Current Account Mortgages
Current account mortgages are a type of offset mortgage.
The only difference is that your current account and mortgage are merged into one.
So, if you have a mortgage of £150,000 and £1,500 in your current account, your statement will show that you owe your lender £148,500.
A current account mortgage example
Current account mortgages are similar to an offset mortgage.
The difference is that your current account, rather than your savings and mortgage, are merged into one.
For example, if you have a mortgage of £150,000 and £1,500 in your current account, your statement will show that you owe your lender £148,500.
For example, imagine you’re earning £3,000 a month after tax, and have a mortgage of £148,000.
While your £3,000 is in the account, you will only be charged interest on £145,000.
As you go through the month and spend some of your pay, your mortgage balance gradually rises, and the daily interest charges increase.
When you get your next pay packet into your bank account, your mortgage balance will once again be slightly reduced, and the interest being charged will fall.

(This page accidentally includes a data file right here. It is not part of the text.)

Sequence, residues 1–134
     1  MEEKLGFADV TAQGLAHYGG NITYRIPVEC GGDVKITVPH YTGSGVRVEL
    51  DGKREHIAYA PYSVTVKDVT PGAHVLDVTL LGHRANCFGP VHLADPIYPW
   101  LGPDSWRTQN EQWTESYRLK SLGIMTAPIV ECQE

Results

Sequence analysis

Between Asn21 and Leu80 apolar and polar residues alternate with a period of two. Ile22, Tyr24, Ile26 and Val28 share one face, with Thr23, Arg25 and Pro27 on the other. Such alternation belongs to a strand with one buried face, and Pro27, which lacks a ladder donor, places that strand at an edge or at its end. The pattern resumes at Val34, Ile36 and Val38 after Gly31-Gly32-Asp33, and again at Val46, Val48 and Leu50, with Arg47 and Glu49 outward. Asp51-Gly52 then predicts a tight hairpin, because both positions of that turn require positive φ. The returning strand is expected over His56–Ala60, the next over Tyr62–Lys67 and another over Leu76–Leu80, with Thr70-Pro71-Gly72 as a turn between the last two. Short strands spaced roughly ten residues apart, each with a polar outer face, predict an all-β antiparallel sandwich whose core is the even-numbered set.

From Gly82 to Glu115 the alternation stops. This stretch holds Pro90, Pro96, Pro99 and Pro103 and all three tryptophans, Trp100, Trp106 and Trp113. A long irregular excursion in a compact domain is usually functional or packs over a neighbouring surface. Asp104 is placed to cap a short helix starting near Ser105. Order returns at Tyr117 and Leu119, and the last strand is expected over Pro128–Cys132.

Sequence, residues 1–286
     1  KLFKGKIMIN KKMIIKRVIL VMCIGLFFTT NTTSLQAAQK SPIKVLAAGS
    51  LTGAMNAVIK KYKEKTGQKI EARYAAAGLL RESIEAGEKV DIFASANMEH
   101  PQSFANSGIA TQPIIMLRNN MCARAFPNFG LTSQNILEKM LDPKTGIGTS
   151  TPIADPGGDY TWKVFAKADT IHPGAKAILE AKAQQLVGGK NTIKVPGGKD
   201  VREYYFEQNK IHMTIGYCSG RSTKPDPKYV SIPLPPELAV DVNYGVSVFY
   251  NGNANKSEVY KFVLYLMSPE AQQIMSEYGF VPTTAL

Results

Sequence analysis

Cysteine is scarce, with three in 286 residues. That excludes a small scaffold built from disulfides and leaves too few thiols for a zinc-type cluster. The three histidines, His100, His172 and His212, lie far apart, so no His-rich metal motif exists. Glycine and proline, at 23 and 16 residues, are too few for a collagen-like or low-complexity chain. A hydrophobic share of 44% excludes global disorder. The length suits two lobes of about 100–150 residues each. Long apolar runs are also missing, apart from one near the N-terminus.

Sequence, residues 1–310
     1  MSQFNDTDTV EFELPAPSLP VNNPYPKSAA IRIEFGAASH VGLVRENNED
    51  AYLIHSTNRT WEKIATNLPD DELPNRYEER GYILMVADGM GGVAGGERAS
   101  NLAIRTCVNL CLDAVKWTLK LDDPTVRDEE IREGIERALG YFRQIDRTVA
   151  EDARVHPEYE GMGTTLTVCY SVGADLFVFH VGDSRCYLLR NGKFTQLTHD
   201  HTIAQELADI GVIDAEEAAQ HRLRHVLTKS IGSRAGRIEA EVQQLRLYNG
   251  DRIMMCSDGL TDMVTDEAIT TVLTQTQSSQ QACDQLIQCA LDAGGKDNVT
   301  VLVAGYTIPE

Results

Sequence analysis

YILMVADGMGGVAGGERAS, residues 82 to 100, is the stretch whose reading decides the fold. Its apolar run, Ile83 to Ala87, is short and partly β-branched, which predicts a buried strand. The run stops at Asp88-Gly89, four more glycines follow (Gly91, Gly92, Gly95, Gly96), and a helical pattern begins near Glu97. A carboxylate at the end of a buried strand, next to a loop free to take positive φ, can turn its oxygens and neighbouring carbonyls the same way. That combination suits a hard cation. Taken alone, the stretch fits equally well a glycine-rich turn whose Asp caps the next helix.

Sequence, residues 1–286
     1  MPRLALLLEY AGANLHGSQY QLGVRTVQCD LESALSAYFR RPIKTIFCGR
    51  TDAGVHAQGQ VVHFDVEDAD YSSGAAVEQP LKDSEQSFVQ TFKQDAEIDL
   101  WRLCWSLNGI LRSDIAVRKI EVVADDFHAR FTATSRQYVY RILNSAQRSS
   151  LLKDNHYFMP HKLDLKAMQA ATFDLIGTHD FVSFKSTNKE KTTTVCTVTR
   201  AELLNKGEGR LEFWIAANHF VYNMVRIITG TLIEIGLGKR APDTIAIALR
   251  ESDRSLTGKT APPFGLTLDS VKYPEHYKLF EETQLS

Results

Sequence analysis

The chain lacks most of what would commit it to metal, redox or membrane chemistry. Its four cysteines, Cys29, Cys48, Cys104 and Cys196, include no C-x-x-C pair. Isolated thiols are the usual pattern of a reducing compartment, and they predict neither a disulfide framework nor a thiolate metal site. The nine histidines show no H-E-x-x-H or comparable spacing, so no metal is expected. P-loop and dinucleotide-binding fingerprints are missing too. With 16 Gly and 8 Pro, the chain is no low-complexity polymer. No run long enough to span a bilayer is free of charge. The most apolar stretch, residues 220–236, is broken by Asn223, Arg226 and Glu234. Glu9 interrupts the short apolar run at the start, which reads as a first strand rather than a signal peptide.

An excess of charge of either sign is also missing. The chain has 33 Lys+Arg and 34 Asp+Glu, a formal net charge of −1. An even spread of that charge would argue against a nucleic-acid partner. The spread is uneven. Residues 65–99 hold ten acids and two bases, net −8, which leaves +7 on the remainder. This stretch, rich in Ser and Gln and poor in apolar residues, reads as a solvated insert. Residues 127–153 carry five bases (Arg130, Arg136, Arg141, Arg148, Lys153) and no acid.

So, with a current account mortgage, the interest charged fluctuates in line with the rise and fall of the amount in your current account.
If you have a repayment mortgage, you’ll pay off more capital whenever your current account is in credit.
- You have the flexibility of using money in your current account to reduce your monthly payments.
- You’re more likely to be paying off your mortgage quicker than with a standard type of mortgage.
- These types of mortgages don’t typically offer you access to discounted rate deals.